If ever in the small hours of the night, when everyone else is either snoring or rolling over, you find yourself waking, spinning into the darkness, Continue reading
Leave it to the BBC to store bits of Virginia Woolf’s psyche for us mere mortals to sift through on a whim. The broadcast of Woolf’s essay, “Craftsmanship,” was first heard on April 20, 1937. Five years later, it was published in a book called “The Death of the Moth, and other essays,” the year after she walked into the Ouse River with rocks in her pockets.
In “Craftsmanship,” Woolf insists that “words never make anything useful” and “tell nothing but the truth,” contradicting both meanings of “craft” in the dictionary. She says that words “hate being useful, that it is their nature not to express one simple statement but a thousand possibilities…”
Further into the essay, she says that “a useful statement is a statement that can mean only one thing. And it is the nature of words to mean many things.” Hence, words combined into statements cannot be useful. Writing is not useful.
Should I just end my life now?
Postmodern Donkey tipped me off to a haiku competition called Going to Mars with MAVEN, sponsored by the University of Colorado-Boulder. The word “maven” means “accumulator of knowledge” in Yiddish, but it stands for Mars Atmosphere and Volatile Evolution Mission. The Website explains: Continue reading
Years ago when we first moved to San Francisco, I found a painting by Lance Morrison at a local gallery. “Jilanne,” it said. “Take me home and I will be your writer’s muse.” The hummingbird, flapping its ethereal wings faster than the eye can see, looking solitary, magical, and somewhat spiritual, whispered its way to my heart. I bought it. The title of the painting?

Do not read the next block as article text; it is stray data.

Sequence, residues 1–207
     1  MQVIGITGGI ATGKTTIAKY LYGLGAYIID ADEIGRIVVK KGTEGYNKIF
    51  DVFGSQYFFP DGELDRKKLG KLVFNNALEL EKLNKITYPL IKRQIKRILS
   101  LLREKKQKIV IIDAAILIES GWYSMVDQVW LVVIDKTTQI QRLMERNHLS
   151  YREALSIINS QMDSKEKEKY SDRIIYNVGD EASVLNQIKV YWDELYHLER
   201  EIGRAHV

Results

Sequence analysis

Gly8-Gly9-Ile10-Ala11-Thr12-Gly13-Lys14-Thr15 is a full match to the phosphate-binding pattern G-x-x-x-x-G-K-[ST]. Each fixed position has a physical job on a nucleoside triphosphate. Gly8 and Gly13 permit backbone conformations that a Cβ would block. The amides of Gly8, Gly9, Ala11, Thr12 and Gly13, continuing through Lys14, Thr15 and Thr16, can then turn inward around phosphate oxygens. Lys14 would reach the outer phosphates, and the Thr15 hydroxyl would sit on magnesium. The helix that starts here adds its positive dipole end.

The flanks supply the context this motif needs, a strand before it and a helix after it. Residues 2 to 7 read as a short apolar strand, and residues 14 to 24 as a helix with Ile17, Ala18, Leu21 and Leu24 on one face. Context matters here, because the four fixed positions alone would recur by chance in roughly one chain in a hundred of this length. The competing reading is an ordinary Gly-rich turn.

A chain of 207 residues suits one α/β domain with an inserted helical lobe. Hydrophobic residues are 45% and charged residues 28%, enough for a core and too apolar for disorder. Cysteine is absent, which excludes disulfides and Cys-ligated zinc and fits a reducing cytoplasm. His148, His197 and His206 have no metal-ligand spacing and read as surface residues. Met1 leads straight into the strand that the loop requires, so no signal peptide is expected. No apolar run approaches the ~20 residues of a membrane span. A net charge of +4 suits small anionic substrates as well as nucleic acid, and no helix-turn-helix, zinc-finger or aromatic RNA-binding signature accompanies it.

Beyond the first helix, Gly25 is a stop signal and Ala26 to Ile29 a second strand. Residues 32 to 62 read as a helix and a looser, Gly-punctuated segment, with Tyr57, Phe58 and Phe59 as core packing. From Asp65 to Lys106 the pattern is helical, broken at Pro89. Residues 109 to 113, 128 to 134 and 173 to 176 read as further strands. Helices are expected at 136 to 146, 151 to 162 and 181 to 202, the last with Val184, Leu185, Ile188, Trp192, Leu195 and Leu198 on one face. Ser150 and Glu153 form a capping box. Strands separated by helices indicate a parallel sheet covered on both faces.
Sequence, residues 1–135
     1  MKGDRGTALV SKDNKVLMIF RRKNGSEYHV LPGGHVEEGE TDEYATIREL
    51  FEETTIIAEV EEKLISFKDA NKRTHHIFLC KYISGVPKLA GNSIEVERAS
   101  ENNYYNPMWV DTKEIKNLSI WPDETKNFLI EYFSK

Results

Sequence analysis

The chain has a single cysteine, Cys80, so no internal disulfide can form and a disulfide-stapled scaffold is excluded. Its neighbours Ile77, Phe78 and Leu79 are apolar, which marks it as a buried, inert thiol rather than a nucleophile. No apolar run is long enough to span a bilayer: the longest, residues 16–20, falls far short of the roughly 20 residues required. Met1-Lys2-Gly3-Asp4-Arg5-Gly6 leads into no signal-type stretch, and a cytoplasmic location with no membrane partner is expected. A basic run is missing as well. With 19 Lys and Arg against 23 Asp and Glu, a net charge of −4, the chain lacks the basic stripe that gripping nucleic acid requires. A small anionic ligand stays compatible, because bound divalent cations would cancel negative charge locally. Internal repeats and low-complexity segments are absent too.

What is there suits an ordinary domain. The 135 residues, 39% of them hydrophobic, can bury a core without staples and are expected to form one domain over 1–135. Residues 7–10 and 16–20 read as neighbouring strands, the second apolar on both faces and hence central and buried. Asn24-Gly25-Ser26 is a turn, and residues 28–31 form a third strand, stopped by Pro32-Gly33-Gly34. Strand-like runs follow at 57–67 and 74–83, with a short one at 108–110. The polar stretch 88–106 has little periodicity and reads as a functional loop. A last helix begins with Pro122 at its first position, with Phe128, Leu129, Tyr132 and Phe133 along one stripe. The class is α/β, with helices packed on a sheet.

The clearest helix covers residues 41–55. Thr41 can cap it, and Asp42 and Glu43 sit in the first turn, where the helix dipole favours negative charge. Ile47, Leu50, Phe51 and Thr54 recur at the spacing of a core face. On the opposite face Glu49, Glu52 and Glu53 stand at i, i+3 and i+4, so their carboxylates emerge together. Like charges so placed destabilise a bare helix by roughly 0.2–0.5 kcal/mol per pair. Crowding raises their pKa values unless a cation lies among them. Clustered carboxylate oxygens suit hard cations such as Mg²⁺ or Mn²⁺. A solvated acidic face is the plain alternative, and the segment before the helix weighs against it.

Thanks to 4amWriter, otherwise known as Limebird Kate, for sending the One Lovely Blog Award my way.
Clearly, she has never seen my office, brushed aside the cobwebs, or moved the piles of mail and newspapers off my dining room table so that food can be eaten.
When I think of “lovely,” I think of all things clean, orderly, and quietly beautiful. I think of a sense of calm and perhaps a bit of the sublime.
So perhaps, my blog is this fantastic mask,
a face presented to the world that is not completely accurate or truthful. Or perhaps it’s a different kind of truth. I posed this question once long ago: Warp and Woof
Or maybe I’m reading too much into this word, lovely, which is something I often do because I’m avoiding other work that is more pressing and likely to give me heartburn.
But Kate’s award is a blessing that comes with no rules–and no GI distress. I’m freeeeee! And freedom tastes of reality!
—or does it?
This freedom feels like a freewriting exercise, morning pages. Who knows what will fall from the sky? Sometimes nothing, not even a cloud. But at least I’ll be here writing when something does happen. Like when that Lovely Blog award showed up in pink on my blogstep–and put a smile on my face.
I’d like to send my own little package of goodness to these folks who are busily blogging into the fresh hours, not knowing when the universe will send something their way, be it dark matter or a pink package filled with appreciation. Three are new to my list of favorites, but I have mentioned the other two before. No matter. It just means I’m still enjoying them. And like I said, no rules rules!!!
Fictionfan (book reviews)
In response to Julia’s 100 Word Challenge:
As the line was crossed and t’s were dotted, the s’s felt incomplete. Not unusual for s’s, a motley group of tail-enders often bringing up the rear, like late arrivals to a party long since ended. Like the football team that can’t claim title to their effort, only to their losses—those last to reach the finish line insist it tastes of victory, that finishing deserves its own gold medal. But this meager plot of land so often claimed by other also-rans is merely well-worn turf. My jealous heart desires real victory, claiming untilled soil that I cannot admit does not exist.
And the Magic 8 Ball says–
–nothing until May 10, 2013.
Well, folks, the SCBWI’s spring conference at Asilomar was inspiring, despite the food provided by ARAMARK. The glutinous pad thai noodles, grey prime rib, and screams for life-rings from the nicoise salad ingredients as they bobbed above the pool of nondescript salad dressing—all this failed to throttle the enthusiasm of the children’s book writers and illustrators assembled on a glorious weekend in Monterey to celebrate the HUMOR in kid’s literature. Between Daniel Handler, Lisa Brown, Jon Agee, Lin Oliver, Lisa Jahn-Clough, and Ed Briant, no joke was left unturned.
Fittingly, Handler’s talk was particularly heady. Continue reading